There are different posts on each, however, with X/Twitter erring more towards information about products. Having more users on X/Twitter, many more Aldi messages are showing up, asking everything from returns policy to when Aldi mince pies go on sale.

Over on Threads, Aldi is much more about commenting on things in the news – suggesting that its cashiers would have more quickly sorted the UK’s August Bank Holiday Air Traffic Control fail, for instance – and seeing fewer messages from customers asking questions. 


Threads: 31,400 followers for M&S Foods; 36,300 for M&S Style; 12,000 for Percy Pig; 7206 for Colin the Caterpillar

X/Twitter: 643,400 followers for M&S

The obvious difference here is that M&S has a single main presence on X/Twitter, compared to multiple ones on Threads – M&S Foods, M&S Style, Percy Pigs and Colin the Caterpillar being four of them.

M&S Styles Threads output is almost entirely made up of short messages pushing M&S fashion items – “this month we are all about parachute pants”, for example – while over on Food, posts centre around last month’s Women’s World Cup Final and the Lionesses. 

X/Twitter meanwhile is devoted almost entirely to the Eat Well Blindfold Challenge, a competition to see who can identify what healthy grub they are eating. The content on X/Twitter leans more toward video snippets, while Threads, despite its close link to Instagram, is largely text and image-based.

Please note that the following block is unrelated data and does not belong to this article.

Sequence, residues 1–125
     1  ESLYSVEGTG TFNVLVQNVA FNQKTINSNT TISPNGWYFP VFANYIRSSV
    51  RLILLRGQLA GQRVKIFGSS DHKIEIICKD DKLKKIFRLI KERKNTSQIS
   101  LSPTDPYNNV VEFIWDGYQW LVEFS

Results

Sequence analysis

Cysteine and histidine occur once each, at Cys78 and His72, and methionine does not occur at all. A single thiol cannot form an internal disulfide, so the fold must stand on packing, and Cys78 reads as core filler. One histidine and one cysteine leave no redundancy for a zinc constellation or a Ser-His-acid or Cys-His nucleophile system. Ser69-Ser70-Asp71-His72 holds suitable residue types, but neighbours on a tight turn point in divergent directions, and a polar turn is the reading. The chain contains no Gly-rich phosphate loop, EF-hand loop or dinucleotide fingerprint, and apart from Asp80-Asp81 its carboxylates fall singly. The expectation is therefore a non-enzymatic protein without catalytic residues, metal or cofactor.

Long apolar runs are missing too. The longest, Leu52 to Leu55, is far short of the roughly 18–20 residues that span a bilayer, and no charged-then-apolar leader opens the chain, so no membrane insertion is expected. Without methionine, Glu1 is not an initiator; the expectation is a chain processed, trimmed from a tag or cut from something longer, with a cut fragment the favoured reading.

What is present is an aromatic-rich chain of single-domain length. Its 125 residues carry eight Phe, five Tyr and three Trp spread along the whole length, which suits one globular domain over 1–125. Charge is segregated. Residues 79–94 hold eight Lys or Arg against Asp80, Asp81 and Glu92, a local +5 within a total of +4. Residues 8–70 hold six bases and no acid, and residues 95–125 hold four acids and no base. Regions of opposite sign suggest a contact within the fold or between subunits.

The Official Percy Pig and Official Colin the Caterpillar Threads are very much geared towards younger users, featuring more memes and jokes about jelly sweets. The interaction appears low with these two currently.

New Look

Threads: 119,000 followers

X/Twitter: 385,000 followers

New Look’s X/Twitter feed is dominated by plugs for its wares, especially as here in late August, the retailer is plugging Autumn’s ranges. The replies and messages, however, are like many retailers dominated by customer complaints and queries – many about returns and poor service.

Over on Threads, New Look is very much about memes and topically witty content. Here it leads with images but on the whole steers away from pushing its clothes in all of them, often opting for amusing images and gifs to illustrate a point.

In the replies on Threads, the page opens with the disclaimer from New Look’s Threads handlers “plz don’t ask us about your order we don’t know how this works” [sic] and the replies feed is filled with customer messages aping the memes in the main New Look Threads channel. There are no messages about returns, probably because they are on X/Twitter.